Monday, March 7, 2011

Sins of our Father

When the Mavericks were embarrassingly dropped by the Spurs last April, Rick Carlisle was burned and burned hard. Public outcries for his firing where backed up by rumors from beat reporters that Mark Cuban wasn't happy. Of course, a coaching change after a first-round exit in the NBA is always the reactionary feeling. Fans are mad. Ticket-buyers, the customers, don't want to support a flopping product. Rational minds eventually won out but there's no doubt that Carlisle lost some faith from the fan base after that series against the Spurs for the lack of playing time of Rodrigue Beaubois.

Before this season started, we were promised change. In fact, the original plan was to start Beaubois at the two and bring the much-maligned Shawn Marion off the bench . Of course, when Beaubois broke his foot in August the plan changed a bit, but there were still promises that Beaubois would be a big part of this Mavs season. He had to be, especially when he was deemed practically "untouchable" by both Mark Cuban and Donnie Nelson.

His return in the middle of February delivered, showing off the blazing speed and athleticism that hasn't been seen in a Maverick uniform for years. He started off fairly strong, posting three games off the bat with 20 minutes, 19 minutes and 22 minutes respectfully. The ability to lead fast breaks from rebound to layup was there, that breathtaking speed that kicked the Mavericks fast break into another gear. Beaubois' three-point shot wasn't back from rehab but still, averaging 10.7 points and 51 percent shooting in your first three games back from an injury that caused you not to play basketball for six months was fairly impressive.

That isn't to say Beaubois was perfect in those three games. Along with the flashes of brilliance were the head-scratching turnovers and the inability to stay within the context of Dallas' defensive schemes. Too many times Beaubois is obliterated in the pick and roll plays, being engulfed in the pick itself or not being able to communicate when and where to switch properly. And he's the guard equivalent of Tyson Chandler when it comes to fouling. But still, it was a fairly rosy start, all things considered.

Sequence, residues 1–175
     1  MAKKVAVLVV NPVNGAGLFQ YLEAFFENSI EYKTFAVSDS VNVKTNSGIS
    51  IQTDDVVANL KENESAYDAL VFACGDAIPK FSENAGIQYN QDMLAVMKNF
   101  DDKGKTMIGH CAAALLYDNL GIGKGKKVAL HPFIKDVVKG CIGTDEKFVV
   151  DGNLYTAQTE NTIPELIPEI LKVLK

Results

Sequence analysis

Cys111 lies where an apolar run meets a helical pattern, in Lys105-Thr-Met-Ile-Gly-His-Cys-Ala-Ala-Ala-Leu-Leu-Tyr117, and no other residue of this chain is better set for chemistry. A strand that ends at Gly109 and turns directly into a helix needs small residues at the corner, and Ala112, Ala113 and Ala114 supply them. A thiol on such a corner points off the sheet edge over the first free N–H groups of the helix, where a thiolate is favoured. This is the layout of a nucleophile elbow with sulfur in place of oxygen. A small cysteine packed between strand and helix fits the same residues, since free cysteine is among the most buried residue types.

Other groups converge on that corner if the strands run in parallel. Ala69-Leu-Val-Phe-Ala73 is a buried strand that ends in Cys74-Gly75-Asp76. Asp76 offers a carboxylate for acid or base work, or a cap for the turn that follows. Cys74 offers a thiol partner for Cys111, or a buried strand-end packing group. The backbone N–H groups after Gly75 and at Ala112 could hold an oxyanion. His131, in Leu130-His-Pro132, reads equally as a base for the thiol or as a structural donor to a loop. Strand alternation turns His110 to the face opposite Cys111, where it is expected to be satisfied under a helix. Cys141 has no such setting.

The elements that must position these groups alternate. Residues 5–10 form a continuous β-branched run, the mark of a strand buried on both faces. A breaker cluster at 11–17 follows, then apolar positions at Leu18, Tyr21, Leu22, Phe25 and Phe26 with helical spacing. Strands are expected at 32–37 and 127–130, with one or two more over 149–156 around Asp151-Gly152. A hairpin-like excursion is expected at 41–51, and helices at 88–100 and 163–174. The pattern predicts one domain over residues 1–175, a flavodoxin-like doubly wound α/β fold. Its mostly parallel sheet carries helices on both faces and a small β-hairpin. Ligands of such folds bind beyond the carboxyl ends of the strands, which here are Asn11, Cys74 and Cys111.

The ensuing three game stretch of rough games wasn't too much of a surpirse either. After all, any NBA player, no matter what age or talent level, has to get back into reasonable game shape or conditioning. Beaubois' legs wasn't with him against Washington, Toronto or Philadelphia, missing badly on three-pointers and being over matched defensively with teams that, while not the greatest, featured some athletic back courts and swingmen. Nothing to worry about. No need to hit the red button.

But what happened last night was peculiar. Beaubois appeared to bust out, scoring 13 points in about 12 minutes of action, igniting fast breaks and finally knocking down some threes. The Mavericks roared to a 15-point halftime lead in what seemed to be a fairly impressive win against a playoff team in Memphis.

Now, the failure of the Mavericks blowing that lead and letting the Grizzles steal a win in Dallas is no where near the fault of Beaubois seeing less than four minutes of action in the second half. Beaubois wasn't going to stop Zach Randolph from shooting 10-for-13 or keep Marc Gasol off the offensive glass. Beaubois wasn't going to be responsible for Shane Battier's offensive put-back in the closing seconds. Considering the play of everyone else, it is likely that the game still would have turned out the same.

But. There's always a but.

I can't seem to grasp how a player that has such an impact of a teams' first half (as Beaubois was Sunday night) can be completely lost and buried on the bench in the second. To be fair, Memphis was already on the train, heading to comeback town when Beaubois checked out early in the third (a 17-point lead had been trimmed to nine). But how could Beaubois not see a couple of minutes at the end of the quarter? Or perhaps some in the fourth? Mind you, I'm not arguing that Jason Terry shouldn't have seen the floor, since he was incapable of missing throughout the fourth quarter (even if the person he was guarding seemed incapable of missing as well). Again, I'm not arguing for why Roddy should have closed the game. I'm arguing why he was deemed inadequate in providing a spark that Mavericks desperately needed in the last five minutes of the third quarter.

Carlisle after the game was very vague and unclear with his answer, saying the Mavericks were going with players who at the time were going to help them win the game. I guess scoring 15 points in 14 minutes doesn't help. Especially when you consider that Jason Kidd was largely ineffective with both controlling the offense and supplying his own. I understand the importance Kidd can have on a game without scoring, but last night wasn't one of those games (six assists and four turnovers). I would have liked to see, if only for a  few minutes, both J.J. Barea (who was very effective offensively and well, poopy to say the least defensively) and Beaubois in the back court, to see if some energy could have been instilled into the lineup.

I hope I worded this wisely enough to not sound like I'm overreacting to one game of 82, especially one that was won on a ridiculously high-arched Zach Randolph jumper. And I am not stating Beaubois should have played all 24 minutes of the second half or the last five minutes of the game. This is just a slight worry or fear I have that perhaps past mistakes have not yet been atoned for. I pray that I am very naive in this thinking.

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